Matt Cardy / Getty Images, file
In days gone, pasties were the food of miners and farmers -- a robust parcel that (so legend has it) could be dropped steaming hot down a mine shaft or thrown over a high hedge to the agricultural laborers on the other side.
LONDON -- We're a placid bunch, us Brits.
You can call us names and poke us in the eye and we'll pretty much stand there and take it.
So pity the poor misguided chaps who run this country and who decided to try their luck by introducing a tax on ... pasties.
Man the barricades!
For those who are not among the cognoscenti, a pasty is a traditional and tasty food that resembles a meat and potato pie. It has almost iconic status in its place of origin, the distant and beautiful county of Cornwall.
In days gone by, it was the food of miners and farmers -- a robust parcel of pastry (so legend has it) that could be dropped steaming hot down a mine shaft to the menfolk below or thrown over a high hedge to the agricultural laborers on the other side.
According to folklore, in one end there was savory meat, spuds and turnip and -- on the other side of a pastry wall -- fruit jam. Entree and dessert all in one steaming package. Genius.
Wpa Pool / Getty Images, file
David Cameron eats a pastry during an election campaign stop on May 1, 2010 in Woodstock, southern England.
No wonder a simpler version was adopted all across the country. It has become a staple of many a working lunch, snatched from the oven of a high street food store and wolfed down on the nearest bench or at a desk.
So into this culinary sanctum stumbled the British government. Always anxious to raise more cash in these dark days of austerity, the Chancellor of the Exchequer George Osborne decided back in March to slap a 20 percent tax on hot snacks like pasties, pies and sausage rolls.
The plan was to raise an extra $150 million.
But Osborne -- a millionaire whose diet does not apparently include pasties -- had no idea that he was about to walk into a political furore that we have seldom seen since the 1990 Poll Tax riots.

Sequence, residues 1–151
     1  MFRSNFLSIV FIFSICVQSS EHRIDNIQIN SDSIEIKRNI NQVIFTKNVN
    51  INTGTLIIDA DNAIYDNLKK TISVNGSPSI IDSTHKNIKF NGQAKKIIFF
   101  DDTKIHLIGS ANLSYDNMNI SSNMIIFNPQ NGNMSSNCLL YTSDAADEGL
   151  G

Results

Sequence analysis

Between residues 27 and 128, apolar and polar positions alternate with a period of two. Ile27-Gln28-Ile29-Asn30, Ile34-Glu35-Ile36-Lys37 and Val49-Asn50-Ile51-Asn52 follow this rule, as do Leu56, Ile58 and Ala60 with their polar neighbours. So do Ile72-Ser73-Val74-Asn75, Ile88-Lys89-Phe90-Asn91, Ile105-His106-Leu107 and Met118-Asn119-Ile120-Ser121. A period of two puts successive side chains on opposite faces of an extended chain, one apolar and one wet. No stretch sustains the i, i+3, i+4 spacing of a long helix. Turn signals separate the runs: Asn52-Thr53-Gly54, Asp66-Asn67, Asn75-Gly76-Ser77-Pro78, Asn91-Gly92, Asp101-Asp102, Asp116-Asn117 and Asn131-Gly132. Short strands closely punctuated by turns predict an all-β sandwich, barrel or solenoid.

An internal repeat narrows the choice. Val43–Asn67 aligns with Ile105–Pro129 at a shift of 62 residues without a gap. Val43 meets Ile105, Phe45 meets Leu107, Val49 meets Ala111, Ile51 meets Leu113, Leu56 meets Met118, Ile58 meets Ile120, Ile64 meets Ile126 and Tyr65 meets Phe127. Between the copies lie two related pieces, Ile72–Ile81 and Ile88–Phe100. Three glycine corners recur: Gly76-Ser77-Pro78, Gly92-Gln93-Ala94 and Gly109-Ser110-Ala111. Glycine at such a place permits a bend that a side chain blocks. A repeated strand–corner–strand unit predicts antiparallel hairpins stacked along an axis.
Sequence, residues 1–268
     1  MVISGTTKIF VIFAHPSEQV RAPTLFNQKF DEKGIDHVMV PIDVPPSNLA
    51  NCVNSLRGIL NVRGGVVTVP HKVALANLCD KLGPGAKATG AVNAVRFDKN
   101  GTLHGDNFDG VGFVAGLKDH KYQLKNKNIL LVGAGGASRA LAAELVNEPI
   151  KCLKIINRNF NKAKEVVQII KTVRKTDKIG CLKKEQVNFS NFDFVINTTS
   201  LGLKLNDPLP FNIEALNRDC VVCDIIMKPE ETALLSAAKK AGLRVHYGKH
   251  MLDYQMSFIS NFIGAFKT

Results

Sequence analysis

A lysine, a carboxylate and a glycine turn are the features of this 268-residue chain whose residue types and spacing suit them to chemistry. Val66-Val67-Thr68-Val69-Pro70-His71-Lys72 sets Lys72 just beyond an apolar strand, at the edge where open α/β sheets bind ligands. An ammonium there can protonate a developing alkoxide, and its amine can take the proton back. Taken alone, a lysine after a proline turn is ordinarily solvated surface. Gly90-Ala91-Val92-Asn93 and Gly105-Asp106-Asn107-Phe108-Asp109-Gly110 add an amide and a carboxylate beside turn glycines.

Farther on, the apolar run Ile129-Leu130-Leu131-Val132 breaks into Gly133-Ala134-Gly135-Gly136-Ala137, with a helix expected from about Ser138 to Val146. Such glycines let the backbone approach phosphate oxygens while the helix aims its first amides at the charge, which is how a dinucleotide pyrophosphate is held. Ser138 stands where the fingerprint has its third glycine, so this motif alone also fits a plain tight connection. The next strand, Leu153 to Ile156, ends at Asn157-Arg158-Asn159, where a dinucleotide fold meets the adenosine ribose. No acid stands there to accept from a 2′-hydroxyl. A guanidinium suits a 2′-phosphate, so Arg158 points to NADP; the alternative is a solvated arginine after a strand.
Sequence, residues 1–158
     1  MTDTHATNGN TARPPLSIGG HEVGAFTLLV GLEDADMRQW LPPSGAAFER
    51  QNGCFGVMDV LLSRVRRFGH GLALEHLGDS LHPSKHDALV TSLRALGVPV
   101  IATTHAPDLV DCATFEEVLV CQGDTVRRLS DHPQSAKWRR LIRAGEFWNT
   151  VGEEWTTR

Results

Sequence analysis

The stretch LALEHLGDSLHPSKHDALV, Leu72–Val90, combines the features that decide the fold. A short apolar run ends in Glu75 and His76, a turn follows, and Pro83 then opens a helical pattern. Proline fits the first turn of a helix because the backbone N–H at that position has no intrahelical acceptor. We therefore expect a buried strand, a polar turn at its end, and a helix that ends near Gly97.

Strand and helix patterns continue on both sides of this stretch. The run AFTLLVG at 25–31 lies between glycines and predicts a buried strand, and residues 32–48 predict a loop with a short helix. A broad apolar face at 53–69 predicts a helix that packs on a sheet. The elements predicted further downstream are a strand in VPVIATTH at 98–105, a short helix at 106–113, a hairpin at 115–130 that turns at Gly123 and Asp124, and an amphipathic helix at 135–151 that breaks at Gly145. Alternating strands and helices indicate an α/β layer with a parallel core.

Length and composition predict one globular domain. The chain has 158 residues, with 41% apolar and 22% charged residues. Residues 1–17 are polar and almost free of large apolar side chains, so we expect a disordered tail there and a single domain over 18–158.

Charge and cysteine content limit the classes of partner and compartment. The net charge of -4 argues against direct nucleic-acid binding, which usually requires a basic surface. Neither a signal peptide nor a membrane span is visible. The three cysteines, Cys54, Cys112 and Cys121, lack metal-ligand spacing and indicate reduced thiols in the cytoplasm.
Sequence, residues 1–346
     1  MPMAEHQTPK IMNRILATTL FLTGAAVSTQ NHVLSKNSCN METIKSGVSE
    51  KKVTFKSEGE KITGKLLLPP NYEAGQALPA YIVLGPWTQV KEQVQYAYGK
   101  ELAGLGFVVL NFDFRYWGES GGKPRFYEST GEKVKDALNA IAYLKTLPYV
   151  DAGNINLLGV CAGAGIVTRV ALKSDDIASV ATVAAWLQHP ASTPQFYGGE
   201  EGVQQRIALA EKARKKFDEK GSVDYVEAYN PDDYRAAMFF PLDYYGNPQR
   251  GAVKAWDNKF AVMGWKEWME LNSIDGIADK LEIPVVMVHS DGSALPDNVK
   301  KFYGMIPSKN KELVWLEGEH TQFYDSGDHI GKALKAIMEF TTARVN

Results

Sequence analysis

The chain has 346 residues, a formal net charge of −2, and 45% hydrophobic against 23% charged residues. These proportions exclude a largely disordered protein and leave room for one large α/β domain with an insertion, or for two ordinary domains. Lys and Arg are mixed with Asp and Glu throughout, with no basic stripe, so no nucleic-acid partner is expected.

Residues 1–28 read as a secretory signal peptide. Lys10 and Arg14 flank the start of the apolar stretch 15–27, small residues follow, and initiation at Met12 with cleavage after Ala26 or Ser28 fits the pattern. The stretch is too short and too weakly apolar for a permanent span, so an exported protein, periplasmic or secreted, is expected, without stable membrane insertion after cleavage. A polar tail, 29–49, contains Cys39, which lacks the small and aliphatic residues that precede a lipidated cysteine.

"Half-baked," screamed the tabloids. "Save our pasties," the nation echoed as people licked their lips and bared their teeth.
A newspaper hired an actress dressed as Marie Antoinette to pursue the hapless Chancellor -- a reminder of her infamous quote that led to revolution across the Channel: "Let them (the poor) eat cake."
Justin Tallis / AFP – Getty Images
Bakers and their supporters hold pastries as they gather outside the prime minister's official residence in London in April to protest and deliver a petition against the so-called pasty tax.
The accident-prone Conservative-led government had walked into a minefield of meat and potato proportions. Politicians rushed to have their photos taken stuffing pasties down their throats.
Even Prime Minister David Cameron was wrong-footed when asked in Parliament when HE had last eaten a pasty. He claimed to have done so at a shop that closed down some years ago. Ouch!
So yesterday Cameron and Osborne decided on a change of diet: humble pie.
The Sun's front page story on the British government's 'pastygate' climbdown on Tuesday.
In a humiliating climb-down, the government was forced to abandon its snack tax.
Well, almost. In a wonderfully British muddle, pasties will avoid tax if they are hot but cooling down out of the oven. If the shop keeps them hot -- that will be another 20 percent please.
No matter. Today's papers speak for the nation in declaring victory, with the mass market Sun saying it best: "Pasty la vista, taxman."
Peace has broken out in Britain's leafy suburbs and town centers. One joyous Cornish Member of Parliament said there'd be "dancing in the streets."
But the message to our politicians is clear.
There is, after all, a line you cannot cross. Our trains may not run when it rains or snows; you may not get through airport passport controls for hours; but mess with our favourite foods and we WILL bite back.
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